Believe it or not, identity theft happens incredibly often in the car industry. In the U.S., the number of reported consumer complaints of crimes that fall into this category has had a staggering increase in 2017, and it was only the beginning.
How to Prevent Identity Theft in Auto Industry
Identity theft in the auto industry can happen in a variety of ways and is somewhat of a minefield for most companies to navigate. One single breach could mean a call to an identity theft lawyer to attempt to remedy the situation.
As for the United States of America, various forms of car industry identity theft increased in 2017 by 43% (compared to 2016). According to online sources, there were nearly 10,000 reported cases, and we know that, as with most crimes, there are probably many more that have gone unreported or even unknown.
In that year alone, this was the 6th most common crime related to identity theft in the U.S., according to the Federal Trade Commission.
But Why the Sudden Rise in 2017?
Identity theft in the auto industry has been on the rise since 2017 and it seems that it may be because identity theft has mostly (or is believed to) transferred to social engineering and cyber technology.
It appears there is increasingly less regard for the actual real-time physical theft, counterfeiting, and fraud as our society as a whole is focusing on cyber technology and data protection rather than physical identity theft. It is for this reason that these types of crime have been skyrocketing in recent years, especially in companies of a more bureaucratic nature.
This is precisely why auto dealerships are targeted. According to reports, 68% of mid-size or small auto businesses in the U.S. have reported one or more cases of identity security breaches.
Businesses in this industry have become an easy target for this type of crime, and here’s why:
● Auto dealerships are considered “goldmines” of personal info as they usually require large amounts of personal information to close a deal.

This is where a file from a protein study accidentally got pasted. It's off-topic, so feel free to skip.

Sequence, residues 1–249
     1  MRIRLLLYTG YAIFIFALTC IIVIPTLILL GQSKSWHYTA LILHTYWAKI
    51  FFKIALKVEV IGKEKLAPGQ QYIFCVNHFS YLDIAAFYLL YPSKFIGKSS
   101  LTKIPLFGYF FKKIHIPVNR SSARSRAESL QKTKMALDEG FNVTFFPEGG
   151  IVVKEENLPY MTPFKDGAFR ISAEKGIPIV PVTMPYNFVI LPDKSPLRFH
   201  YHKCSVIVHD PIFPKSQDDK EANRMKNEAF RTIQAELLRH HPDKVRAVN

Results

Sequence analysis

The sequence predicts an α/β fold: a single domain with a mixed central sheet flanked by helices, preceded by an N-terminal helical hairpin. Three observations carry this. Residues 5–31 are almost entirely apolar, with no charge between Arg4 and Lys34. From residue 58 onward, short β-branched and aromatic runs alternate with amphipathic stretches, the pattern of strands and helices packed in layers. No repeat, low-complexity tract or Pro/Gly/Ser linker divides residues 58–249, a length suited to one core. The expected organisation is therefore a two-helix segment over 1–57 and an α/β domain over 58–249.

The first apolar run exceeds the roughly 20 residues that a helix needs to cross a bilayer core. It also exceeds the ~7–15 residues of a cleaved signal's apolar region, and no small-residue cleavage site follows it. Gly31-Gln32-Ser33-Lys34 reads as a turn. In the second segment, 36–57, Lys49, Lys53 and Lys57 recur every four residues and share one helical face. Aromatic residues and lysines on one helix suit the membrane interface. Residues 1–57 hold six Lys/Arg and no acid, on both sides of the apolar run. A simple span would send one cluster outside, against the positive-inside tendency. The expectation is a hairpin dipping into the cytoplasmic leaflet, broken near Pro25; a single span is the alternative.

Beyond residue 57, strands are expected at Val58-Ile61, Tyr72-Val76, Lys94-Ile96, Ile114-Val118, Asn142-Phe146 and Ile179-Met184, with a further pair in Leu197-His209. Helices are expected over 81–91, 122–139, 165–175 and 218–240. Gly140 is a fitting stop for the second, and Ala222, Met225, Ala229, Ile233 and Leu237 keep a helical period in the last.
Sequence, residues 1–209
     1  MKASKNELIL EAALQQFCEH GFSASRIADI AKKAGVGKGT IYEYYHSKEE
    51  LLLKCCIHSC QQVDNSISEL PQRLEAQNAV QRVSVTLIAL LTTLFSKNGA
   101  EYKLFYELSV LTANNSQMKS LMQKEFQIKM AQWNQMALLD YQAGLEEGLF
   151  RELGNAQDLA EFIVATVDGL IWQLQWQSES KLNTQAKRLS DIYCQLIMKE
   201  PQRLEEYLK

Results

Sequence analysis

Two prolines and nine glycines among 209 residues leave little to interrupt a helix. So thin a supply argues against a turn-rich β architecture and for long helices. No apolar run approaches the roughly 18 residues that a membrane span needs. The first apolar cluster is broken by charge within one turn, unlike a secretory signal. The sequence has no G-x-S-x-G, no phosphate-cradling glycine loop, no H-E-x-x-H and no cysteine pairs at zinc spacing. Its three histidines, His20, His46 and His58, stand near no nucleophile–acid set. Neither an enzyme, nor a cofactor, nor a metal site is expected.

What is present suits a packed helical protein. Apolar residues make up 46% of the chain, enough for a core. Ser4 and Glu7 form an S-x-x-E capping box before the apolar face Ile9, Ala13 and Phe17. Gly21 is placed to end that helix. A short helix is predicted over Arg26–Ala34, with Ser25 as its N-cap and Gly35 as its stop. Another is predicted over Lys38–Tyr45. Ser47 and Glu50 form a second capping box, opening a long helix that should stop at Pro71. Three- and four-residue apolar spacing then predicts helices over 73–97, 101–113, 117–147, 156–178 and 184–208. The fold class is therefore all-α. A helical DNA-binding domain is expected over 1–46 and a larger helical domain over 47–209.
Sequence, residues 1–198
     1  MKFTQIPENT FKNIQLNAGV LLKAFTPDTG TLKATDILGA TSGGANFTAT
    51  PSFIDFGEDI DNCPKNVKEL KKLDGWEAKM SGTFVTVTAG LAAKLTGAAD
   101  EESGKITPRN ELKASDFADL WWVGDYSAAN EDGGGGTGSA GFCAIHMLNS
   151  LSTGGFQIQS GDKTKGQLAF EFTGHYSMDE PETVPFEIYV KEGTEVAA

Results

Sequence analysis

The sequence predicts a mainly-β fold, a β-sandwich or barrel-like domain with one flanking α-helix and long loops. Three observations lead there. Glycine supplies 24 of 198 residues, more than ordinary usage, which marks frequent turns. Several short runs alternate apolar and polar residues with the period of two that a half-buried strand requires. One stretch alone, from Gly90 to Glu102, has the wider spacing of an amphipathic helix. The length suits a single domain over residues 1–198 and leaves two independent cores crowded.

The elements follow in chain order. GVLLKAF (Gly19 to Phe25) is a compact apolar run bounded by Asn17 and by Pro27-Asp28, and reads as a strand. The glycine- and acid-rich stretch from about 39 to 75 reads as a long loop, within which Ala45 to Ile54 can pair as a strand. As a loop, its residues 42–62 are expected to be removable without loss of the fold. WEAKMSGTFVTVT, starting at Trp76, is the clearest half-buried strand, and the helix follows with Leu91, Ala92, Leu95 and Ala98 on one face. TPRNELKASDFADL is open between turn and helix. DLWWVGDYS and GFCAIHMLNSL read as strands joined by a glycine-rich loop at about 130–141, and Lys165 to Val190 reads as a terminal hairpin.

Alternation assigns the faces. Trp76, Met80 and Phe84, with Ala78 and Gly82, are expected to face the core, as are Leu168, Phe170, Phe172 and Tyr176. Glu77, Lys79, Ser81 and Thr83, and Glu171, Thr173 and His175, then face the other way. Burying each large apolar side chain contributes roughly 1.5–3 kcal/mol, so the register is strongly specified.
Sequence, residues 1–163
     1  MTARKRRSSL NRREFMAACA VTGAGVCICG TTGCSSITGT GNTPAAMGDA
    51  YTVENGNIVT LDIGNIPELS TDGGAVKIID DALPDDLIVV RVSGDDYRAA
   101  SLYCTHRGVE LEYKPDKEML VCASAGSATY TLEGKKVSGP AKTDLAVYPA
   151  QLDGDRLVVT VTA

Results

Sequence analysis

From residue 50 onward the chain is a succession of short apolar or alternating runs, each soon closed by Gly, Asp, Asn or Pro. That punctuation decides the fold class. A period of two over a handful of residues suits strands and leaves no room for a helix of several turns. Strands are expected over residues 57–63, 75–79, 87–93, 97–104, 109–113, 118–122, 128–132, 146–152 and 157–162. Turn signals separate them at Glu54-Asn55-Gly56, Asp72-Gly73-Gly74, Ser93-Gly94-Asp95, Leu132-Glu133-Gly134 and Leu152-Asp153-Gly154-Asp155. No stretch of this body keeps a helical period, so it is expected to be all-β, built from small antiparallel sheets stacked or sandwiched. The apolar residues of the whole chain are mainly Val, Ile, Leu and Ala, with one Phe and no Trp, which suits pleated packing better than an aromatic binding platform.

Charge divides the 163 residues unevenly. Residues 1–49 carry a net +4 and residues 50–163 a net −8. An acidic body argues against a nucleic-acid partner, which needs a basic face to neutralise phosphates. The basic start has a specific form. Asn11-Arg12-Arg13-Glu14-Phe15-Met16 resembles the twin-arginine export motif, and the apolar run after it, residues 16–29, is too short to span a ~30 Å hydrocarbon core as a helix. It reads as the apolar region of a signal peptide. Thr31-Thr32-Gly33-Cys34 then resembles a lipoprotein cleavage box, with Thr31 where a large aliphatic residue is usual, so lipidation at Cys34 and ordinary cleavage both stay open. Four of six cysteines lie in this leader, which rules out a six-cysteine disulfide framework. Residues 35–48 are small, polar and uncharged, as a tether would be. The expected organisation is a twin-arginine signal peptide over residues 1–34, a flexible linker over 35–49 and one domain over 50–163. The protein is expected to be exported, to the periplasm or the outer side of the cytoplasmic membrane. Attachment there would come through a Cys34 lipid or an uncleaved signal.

● Some of the documents that are used in day to day business transactions include social security numbers, drivers licenses, credit cards, personal addresses, proof of address, bank statements, and even passports.
● A lot of this information is kept via hard copies (not digitized)
● Crowded workplaces are easily accessible to criminals
If you go to a car dealership right now, chances are you will see multiple customers and not enough employees to service them all. This means sensitive info and work stations are often left unattended for prolonged periods. Also, many car dealerships still use paper documents, which include the most sensitive information such as loan applications, purchase agreements, leasing contracts, and other financial statements.
All a criminal needs to do is stroll down to a crowded dealership, under the guise of a customer most likely, and wait for an opportunity to get access to many of these documents that are a real goldmine of personal information. Then, all they need to do is to copy the paper documents, and the crime is undetected until it is too late, and the consequences are severe.
However, car dealerships are fighting this heavily because it is in their interest to protect their customers’ sensitive data, not just because of their business but because it is demanded so by state and federal law. Let’s take a look at some things that both the customers and dealerships can do to protect themselves and the consumer:
Choose Secure Car Dealerships
Use a ‘One-in-One’ Rule
The “one-in-one” rule states that you should get rid of original documents as soon as you can get a more recent version. This goes for customers, but even more so for dealers. It will help them keep a tidy workplace and everything neat and easy to check.
Implement A Clean Desk Policy
Companies in the auto industry should all strive to direct their employees, from top to bottom, owner to the sales associate, to keep their work areas, stations, and desks clean at all times. This means no papers or electronic documents with personal and sensitive information left unattended at any time. In fact, any information that is no longer needed and that has fulfilled its use is to be properly disposed of in accordance with data protection laws.